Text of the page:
He is induced to change his Intention; the Whigs oppose his going to Ireland
He prorogues the Parliament
Joy of the Tories
Dissolution and General Election
Changes in the Executive Departments
Caermarthen Chief Minister
Sir John Lowther
Rise and Progress of Parliamentary Corruption in England
Sir John Trevor
Godolphin retires; Changes at the Admiralty
Changes in the Commissions of Lieutenancy
Temper of the Whigs; Dealings of some Whigs with Saint Germains;
     Shrewsbury; Ferguson
Hopes of the Jacobites
Meeting of the new Parliament; Settlement of the Revenue
Provision for the Princess of Denmark
Bill declaring the Acts of the preceding Parliament valid
Debate on the Changes in the Lieutenancy of London
Abjuration Bill
Act of Grace
The Parliament prorogued; Preparations for the first War
Administration of James at Dublin
An auxiliary Force sent from France to Ireland
Plan of the English Jacobites; Clarendon, Aylesbury, Dartmouth
Penn
Preston
The Jacobites betrayed by Fuller
Crone arrested
Difficulties of William
Conduct of Shrewsbury
The Council of Nine
Conduct of Clarendon
Penn held to Bail
Interview between William and Burnet; William sets out for Ireland
Trial of Crone
Danger of Invasion and Insurrection; Tourville's Fleet in the
     Channel
Arrests of suspected Persons
Torrington ordered to give Battle to Tourville
Battle of Beachy Head
Alarm in London; Battle of Fleurus
Spirit of the Nation
Conduct of Shrewsbury

CHAPTER XVI

William lands at Carrickfergus, and proceeds to Belfast
State of Dublin; William's military Arrangements
William marches southward
The Irish Army retreats
The Irish make a Stand at the Boyne
The Army of James
The Army of William
Walker, now Bishop of Derry, accompanies the Army
William reconnoitres the Irish Position; William is wounded
Battle of the Boyne
Flight of James
Loss of the two Armies
Fall of Drogheda; State of Dublin
James flies to France; Dublin evacuated by the French and Irish Troops
Entry of William into Dublin
Effect produced in France by the News from Ireland
Effect produced at Rome by the News from Ireland
Effect produced in London by the News from Ireland
James arrives in France; his Reception there
Tourville attempts a Descent on England
Teignmouth destroyed
Excitement of the English Nation against the French
The Jacobite Press
The Jacobite Form of Prayer and Humiliation
Clamour against the nonjuring Bishops
Military Operations in Ireland; Waterford taken
The Irish Army collected at Limerick; Lauzun pronounces that the
     Place cannot be defended
The Irish insist on defending Limerick
Tyrconnel is against defending Limerick; Limerick defended by the Irish alone
Sarsfield surprises the English Artillery
Arrival of Baldearg O'Donnel at Limerick
The Besiegers suffer from the Rains
Unsuccessful Assault on Limerick; The Siege raised
Tyrconnel and Lauzun go to France; William returns to England;
Reception of William in England
Expedition to the South of Ireland
Marlborough takes Cork
Marlborough takes Kinsale
Affairs of Scotland; Intrigues of Montgomery with the Jacobites
War in the Highlands
Fort William built; Meeting of the Scottish Parliament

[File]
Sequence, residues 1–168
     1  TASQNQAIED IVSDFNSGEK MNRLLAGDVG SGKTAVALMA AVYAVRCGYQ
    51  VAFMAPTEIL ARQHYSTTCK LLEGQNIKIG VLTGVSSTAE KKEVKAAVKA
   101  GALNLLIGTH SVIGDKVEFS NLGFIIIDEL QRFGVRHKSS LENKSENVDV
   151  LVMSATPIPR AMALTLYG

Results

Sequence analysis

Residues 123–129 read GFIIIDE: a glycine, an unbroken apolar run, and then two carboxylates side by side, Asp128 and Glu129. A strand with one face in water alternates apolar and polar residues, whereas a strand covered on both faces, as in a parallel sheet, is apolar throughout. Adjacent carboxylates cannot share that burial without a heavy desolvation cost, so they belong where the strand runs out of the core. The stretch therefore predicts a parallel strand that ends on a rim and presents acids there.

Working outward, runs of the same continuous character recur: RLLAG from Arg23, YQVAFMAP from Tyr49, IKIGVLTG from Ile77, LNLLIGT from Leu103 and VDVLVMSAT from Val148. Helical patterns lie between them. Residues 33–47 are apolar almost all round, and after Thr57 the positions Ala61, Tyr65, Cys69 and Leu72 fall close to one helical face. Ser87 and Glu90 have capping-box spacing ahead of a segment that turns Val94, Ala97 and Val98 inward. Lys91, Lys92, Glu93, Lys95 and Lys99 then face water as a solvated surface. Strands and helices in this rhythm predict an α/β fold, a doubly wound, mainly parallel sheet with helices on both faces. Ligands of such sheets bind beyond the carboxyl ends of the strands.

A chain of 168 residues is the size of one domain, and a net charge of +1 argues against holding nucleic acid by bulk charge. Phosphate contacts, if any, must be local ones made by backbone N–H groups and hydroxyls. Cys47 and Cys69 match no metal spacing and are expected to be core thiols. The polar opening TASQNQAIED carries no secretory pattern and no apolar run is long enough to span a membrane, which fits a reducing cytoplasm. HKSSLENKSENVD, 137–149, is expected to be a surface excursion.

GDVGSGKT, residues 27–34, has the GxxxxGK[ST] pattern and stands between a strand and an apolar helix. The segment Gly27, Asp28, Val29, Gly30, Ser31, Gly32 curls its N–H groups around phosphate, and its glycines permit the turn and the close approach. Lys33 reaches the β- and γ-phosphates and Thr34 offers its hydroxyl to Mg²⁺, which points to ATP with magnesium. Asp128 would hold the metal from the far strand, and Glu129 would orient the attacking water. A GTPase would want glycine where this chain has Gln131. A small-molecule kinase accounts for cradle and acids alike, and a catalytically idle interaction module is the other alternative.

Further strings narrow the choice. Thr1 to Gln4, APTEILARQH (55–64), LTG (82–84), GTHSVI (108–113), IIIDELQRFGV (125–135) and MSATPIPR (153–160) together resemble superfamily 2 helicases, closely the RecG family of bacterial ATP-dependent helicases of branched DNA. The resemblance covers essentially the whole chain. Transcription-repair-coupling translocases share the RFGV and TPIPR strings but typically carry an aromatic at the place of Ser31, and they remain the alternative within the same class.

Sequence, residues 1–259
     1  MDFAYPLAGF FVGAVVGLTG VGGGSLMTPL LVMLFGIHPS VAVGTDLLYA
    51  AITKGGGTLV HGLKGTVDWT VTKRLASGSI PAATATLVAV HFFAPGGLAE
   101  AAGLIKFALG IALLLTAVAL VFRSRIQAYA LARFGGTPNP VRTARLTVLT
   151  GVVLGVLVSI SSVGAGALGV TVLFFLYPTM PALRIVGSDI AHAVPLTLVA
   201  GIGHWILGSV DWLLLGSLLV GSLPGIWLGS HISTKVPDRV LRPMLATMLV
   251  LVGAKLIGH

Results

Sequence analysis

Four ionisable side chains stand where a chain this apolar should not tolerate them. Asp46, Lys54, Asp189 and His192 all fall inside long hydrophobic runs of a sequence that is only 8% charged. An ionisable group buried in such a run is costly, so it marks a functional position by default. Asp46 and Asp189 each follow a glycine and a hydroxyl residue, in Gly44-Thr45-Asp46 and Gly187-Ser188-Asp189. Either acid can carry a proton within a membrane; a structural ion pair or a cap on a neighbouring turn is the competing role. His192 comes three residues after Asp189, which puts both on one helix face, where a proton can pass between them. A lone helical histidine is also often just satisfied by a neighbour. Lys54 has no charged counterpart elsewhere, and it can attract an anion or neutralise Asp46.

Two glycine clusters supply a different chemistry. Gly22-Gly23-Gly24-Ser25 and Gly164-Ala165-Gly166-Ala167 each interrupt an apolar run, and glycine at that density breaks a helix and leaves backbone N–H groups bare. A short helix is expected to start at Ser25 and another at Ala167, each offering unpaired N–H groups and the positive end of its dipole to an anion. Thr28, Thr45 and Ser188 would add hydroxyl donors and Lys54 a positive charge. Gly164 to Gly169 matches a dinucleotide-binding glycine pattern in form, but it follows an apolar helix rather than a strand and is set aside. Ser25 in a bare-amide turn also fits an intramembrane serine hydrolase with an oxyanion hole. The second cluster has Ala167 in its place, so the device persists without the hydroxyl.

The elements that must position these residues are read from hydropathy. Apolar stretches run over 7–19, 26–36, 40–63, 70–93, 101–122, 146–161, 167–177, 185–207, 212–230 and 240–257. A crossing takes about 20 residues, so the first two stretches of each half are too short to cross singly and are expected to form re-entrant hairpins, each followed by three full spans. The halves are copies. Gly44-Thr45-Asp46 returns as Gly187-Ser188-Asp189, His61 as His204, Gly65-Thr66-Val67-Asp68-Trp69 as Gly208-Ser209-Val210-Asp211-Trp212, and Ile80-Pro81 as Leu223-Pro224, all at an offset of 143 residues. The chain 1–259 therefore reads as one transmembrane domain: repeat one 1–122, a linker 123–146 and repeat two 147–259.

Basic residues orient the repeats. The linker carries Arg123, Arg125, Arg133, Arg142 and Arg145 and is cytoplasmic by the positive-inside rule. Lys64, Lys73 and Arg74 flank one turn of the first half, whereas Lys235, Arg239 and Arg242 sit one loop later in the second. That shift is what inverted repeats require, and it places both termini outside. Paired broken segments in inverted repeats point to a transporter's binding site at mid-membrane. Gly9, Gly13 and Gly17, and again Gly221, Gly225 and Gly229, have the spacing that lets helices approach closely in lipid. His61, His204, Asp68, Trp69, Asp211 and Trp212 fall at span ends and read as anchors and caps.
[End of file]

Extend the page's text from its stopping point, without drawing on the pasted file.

Melville Lord High Commissioner; the Government obtains a Majority
Ecclesiastical Legislation
The Coalition between the Club and the Jacobites dissolved
The Chiefs of the Club betray each other
General Acquiescence in the new Ecclesiastical Polity
Complaints of the Episcopalians
The Presbyterian Conjurors
William dissatisfied with the Ecclesiastical Arrangements in Scotland
Meeting of the General Assembly of the Church of Scotland
State of Affairs on the Continent
The Duke of Savoy joins the Coalition
Supplies voted; Ways and Means
Proceedings against Torrington
Torrington's Trial and Acquittal
Animosity of the Whigs against Caermarthen
Jacobite Plot
Meeting of the leading Conspirators
The Conspirators determine to send Preston to Saint Germains
Papers entrusted to Preston
Information of the Plot given to Caermarthen
Arrest of Preston and his Companions






VOLUME FOUR

CHAPTER XVII

William's Voyage to Holland
William's Entrance into the Hague
Congress at the Hague
William his own Minister for Foreign Affairs
William obtains a Toleration for the Waldenses; Vices inherent in the Nature
     of Coalitions
Siege and Fall of Mons
William returns to England; Trials of Preston and Ashton
Execution of Ashton
Preston's Irresolution and Confessions
Lenity shown to the Conspirators
Dartmouth
Turner; Penn
Death of George Fox; his Character
Interview between Penn and Sidney
Preston pardoned
Joy of the Jacobites at the Fall of Mons
The vacant Sees filled
Tillotson Archbishop of Canterbury
Conduct of Sancroft
Difference between Sancroft and Ken
Hatred of Sancroft to the Established Church; he provides for the episcopal
     Succession among the Nonjurors
The new Bishops
Sherlock Dean of Saint Paul's
Treachery of some of William's Servants
Russell
Godolphin
Marlborough
William returns to the Continent
The Campaign of 1691 in Flanders
The War in Ireland; State of the English Part of Ireland
State of the Part of Ireland which was subject to James
Dissensions among the Irish at Limerick
Return of Tyrconnel to Ireland
Arrival of a French Fleet at Limerick; Saint Ruth
The English take the Field